"Ah, man, I thought you went to a bank for that."
"It's not a loan from a small business; it's a loan to start a small business."
Kevin nodded in faux understanding. "Ohhh, I get it."
Jodie asked, hopefully, "No objections, then?"
"No, but where are you going to get the money to loan out?"
Brittany sat on her bed and removed several glossy magazines from a plastic bag. "Look at all these cute ideas for decorating an apartment."
Also seated on the bed, Daria flipped through the Lawndale Rental Guide and said, "Brittany, since we're not really going to rent an apartment, we don't need to worry about decorating it."
Brittany tilted her head and twirled a lock of hair around one finger. "But Daria, don't you need furniture and stuff?"
Slowly lowering the magazine, Daria admitted, "If we don't find a furnished apartment, yes, we would."
"Then we do need to think about decorating it!" Brittany happily said.
"We could pose as college students and run by the used furniture store near Lawndale State."
"Eww, you mean, like, buy a used bed? That's like wearing someone else's…."
Daria cringed and said, "Don't finish that thought. Okay, we'll also look into basic furnishings for an apartment."
Daria sighed and rubbed her temples. "We're going to spend the rest of the evening defining 'basic', aren't we?"
Eyes glazed, Daria slumped against the doorframe of John's room. "It's gone. I couldn't stop it."
Looking up from reading a car magazine, John said, "What's gone?"
"Darwin wrong. Higher brain function lost. Ran away."
"Brittany…talking…please, make it stop."
John quickly rolled off the bed and held Daria, stroking her hair. "It's over and you're home."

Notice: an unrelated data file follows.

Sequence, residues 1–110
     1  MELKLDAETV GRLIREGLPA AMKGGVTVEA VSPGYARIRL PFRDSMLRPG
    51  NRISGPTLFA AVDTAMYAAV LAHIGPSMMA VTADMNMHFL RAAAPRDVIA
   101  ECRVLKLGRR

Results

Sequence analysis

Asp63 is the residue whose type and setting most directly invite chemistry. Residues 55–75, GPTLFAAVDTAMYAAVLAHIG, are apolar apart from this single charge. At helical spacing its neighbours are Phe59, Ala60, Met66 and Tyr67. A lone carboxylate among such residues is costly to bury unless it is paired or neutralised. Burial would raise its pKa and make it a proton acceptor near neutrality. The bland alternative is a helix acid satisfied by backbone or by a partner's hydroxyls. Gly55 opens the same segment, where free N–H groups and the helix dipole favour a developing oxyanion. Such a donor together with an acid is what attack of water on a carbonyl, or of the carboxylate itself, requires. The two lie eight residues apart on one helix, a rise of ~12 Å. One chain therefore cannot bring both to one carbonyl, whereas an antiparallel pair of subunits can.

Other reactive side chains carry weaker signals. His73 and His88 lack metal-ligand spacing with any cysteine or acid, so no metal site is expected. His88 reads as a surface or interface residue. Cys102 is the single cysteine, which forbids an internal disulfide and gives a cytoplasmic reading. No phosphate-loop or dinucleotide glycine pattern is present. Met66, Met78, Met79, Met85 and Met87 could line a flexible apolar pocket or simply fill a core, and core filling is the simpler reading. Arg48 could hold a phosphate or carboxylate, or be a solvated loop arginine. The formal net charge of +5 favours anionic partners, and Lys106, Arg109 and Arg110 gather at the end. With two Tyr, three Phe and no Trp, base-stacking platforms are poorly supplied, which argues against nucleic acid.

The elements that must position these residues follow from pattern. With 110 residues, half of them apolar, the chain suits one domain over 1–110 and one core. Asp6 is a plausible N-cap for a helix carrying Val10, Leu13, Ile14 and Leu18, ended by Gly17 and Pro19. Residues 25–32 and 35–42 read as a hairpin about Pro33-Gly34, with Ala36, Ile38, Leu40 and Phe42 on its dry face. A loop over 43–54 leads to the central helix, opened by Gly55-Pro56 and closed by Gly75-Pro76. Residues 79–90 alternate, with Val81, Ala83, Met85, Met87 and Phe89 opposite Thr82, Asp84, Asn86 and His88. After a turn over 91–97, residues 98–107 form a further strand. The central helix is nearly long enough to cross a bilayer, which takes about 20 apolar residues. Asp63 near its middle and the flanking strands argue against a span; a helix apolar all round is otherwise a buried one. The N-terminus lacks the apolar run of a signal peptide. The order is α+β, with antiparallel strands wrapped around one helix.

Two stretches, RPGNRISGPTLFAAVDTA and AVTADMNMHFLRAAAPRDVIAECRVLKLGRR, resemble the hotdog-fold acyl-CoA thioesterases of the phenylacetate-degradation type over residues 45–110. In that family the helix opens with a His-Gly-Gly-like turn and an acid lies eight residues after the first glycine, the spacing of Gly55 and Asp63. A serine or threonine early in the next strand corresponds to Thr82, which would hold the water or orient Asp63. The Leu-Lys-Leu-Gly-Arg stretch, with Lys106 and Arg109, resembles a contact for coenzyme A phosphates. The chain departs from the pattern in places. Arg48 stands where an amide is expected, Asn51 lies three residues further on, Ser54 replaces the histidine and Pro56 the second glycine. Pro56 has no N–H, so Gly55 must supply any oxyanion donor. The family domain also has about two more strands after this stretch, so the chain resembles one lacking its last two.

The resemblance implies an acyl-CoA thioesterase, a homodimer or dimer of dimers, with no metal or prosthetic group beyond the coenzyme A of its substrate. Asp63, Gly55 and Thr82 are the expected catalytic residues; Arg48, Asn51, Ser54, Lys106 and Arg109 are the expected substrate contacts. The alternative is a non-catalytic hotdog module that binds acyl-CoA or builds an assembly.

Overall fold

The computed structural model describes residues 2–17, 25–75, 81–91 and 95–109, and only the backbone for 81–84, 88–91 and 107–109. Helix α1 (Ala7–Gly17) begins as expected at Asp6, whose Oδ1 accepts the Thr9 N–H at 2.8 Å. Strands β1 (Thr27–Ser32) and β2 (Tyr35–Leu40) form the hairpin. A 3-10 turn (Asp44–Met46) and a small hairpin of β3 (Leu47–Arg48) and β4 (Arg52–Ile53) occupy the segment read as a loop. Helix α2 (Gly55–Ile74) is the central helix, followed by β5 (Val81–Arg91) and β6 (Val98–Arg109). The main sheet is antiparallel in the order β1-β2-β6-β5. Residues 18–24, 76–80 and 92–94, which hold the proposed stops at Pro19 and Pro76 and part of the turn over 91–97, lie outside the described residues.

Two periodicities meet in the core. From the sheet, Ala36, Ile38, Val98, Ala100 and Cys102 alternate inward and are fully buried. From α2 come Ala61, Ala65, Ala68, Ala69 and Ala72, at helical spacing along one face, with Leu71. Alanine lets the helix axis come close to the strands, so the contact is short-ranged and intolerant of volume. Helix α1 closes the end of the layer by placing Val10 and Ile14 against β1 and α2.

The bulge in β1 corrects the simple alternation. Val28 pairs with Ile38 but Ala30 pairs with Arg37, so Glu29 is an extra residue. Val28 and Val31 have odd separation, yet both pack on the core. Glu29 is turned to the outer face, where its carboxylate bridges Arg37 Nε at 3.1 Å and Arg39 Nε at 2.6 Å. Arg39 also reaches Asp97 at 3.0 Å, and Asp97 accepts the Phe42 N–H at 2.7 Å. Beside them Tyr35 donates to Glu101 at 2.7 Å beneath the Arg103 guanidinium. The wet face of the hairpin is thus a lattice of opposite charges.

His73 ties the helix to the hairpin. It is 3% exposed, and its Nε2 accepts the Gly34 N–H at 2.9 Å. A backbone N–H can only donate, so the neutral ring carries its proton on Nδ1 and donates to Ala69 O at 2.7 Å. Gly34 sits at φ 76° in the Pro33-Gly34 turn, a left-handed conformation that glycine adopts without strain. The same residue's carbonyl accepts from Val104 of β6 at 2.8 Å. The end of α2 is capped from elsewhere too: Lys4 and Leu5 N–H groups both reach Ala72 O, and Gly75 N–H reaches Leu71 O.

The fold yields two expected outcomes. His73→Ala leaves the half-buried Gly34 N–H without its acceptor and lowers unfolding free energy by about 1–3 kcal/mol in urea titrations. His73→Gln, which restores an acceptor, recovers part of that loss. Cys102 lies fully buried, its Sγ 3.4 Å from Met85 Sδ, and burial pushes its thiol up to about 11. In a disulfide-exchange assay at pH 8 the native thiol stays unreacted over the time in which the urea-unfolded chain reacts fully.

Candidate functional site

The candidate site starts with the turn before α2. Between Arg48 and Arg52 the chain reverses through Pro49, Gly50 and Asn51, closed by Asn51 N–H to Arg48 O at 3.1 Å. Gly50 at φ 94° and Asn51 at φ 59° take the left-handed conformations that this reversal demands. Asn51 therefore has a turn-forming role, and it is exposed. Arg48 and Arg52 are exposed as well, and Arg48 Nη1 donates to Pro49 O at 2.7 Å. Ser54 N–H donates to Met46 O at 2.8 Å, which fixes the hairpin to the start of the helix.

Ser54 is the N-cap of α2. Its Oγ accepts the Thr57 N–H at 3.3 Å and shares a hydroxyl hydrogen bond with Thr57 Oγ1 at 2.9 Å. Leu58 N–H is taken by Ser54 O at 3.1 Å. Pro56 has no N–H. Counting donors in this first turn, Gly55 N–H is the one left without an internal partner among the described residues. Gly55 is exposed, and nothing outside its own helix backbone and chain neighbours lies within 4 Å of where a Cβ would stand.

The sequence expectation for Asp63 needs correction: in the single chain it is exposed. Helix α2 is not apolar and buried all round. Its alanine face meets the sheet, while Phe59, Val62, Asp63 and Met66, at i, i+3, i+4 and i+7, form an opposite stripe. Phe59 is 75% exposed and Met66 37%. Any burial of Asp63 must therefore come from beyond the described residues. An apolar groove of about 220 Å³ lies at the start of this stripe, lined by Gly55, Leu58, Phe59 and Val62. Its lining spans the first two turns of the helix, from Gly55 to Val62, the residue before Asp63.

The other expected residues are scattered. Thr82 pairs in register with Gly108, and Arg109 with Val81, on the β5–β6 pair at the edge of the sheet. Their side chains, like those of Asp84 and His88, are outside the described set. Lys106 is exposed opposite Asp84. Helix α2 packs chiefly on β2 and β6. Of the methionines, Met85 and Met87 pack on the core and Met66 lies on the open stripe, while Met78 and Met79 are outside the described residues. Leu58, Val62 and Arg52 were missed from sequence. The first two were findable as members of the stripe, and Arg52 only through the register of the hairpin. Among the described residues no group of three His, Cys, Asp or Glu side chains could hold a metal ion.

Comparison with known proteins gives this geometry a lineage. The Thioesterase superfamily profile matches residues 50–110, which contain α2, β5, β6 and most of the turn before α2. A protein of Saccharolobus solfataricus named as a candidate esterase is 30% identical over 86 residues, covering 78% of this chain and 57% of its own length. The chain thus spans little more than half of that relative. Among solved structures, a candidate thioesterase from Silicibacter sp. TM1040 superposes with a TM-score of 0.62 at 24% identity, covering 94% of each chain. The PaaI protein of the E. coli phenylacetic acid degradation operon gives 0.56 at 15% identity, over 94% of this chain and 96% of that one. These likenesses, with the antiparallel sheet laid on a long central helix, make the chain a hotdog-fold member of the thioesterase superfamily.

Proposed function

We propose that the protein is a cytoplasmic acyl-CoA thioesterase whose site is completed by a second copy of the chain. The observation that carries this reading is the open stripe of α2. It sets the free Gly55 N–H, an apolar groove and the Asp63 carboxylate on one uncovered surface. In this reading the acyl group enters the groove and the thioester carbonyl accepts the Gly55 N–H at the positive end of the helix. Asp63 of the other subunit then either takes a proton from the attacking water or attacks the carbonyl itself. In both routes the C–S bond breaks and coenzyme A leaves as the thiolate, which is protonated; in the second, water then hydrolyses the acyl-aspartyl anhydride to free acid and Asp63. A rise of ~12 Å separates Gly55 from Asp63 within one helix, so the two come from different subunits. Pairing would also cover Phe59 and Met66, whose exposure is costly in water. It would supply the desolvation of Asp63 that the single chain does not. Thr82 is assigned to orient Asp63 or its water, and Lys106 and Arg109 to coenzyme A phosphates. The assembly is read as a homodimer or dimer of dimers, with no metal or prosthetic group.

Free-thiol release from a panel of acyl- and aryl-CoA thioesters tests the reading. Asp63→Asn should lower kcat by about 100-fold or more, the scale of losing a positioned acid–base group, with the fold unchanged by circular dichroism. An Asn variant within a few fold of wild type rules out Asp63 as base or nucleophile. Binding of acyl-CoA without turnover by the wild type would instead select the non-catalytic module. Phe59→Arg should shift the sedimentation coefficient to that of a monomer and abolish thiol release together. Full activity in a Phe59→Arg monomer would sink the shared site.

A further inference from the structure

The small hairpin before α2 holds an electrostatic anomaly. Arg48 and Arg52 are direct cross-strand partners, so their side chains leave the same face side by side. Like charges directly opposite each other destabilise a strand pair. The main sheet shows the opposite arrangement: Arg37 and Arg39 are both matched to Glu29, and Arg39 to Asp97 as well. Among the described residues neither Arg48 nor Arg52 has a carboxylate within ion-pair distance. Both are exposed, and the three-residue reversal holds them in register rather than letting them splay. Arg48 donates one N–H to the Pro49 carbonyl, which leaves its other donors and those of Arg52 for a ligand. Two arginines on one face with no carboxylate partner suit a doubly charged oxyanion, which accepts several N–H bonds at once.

"Home? Home good."
"Maybe your brain got here first."
Daria reached around John and pulled herself closer, resting her head on his shoulder. "We'll look…later."
"Okay, I'm sure it'll catch up with you eventually."
"Hel-lo!" Quinn loudly said from the hallway. "I know you like getting all snuggly and stuff, but can I get a little help here?"
Daria tiredly turned her head. "Quinn, what is it?" Seeing what her sister was apparently doing, she became more alert and asked, "Is that a body?"
"It's one of those many-ken things from Cashman's."
John asked, "Why do you have a mannequin?"
Daria asked, "And how did you get it?"
"I ran into Tom."
Daria and John both said, "At Cashman's?"
"He drove his sister there to go shopping. Tom made a comment about his Mom and Dad really suggesting that he stay there with her and that when they act like that, he'd rather be at Cashman's. Or someplace called 'the Fourth Circle'; must be a cheesy teen club or something. Anyway, I was talking to him and said that sometimes it would be so much easier to put clothes on one of those…mandy-whatevers…so that you can step back and look."
Walking to her sister, Daria said, "He bought you one."
"Yeah. I think Tom did it to freak out Elsie."
"I bet," John said as he joined them. "How did you get it home?"
"In the back of Tom's car. It was a little creepy sitting next to it in the back seat, because Elsie absolutely refused and sat in the front seat."
"He just dropped you off to drag that into the house by yourself?" Daria asked.
"Um, I said I could handle it. If Mom and Dad saw Tom, you know that they would get ideas."
Scratching his head, John said, "So, you'd rather let them see you dragging what looks like a dead body upstairs."
Flustered, Quinn said, "Look, they were busy on the sofa and didn't see me. Now, are you going to help me or not?"
Faintly, they heard Helen say, "Oh, Jakey…"
Tails fluffed, Zachary and Taylor bolted up the stairs and past the teens to hide in Daria's room. The cats' retreat spurred Daria to order, "John, grab the legs. Quinn, grab that arm and I'll get this one."
Seated with the family for breakfast, Jake slathered his reduced fat, soy-protein sausage with "Brother Vernon's Fire and Brimstone" hot sauce and asked, "So kids, what's up for today?"
Resting her spoon on her cereal bowl, Quinn said, "The Fashion Club will hold a special meeting here tonight to work out the best ways to use a mannequin for ensemble decision making."
"That sounds great, Quinn," he said.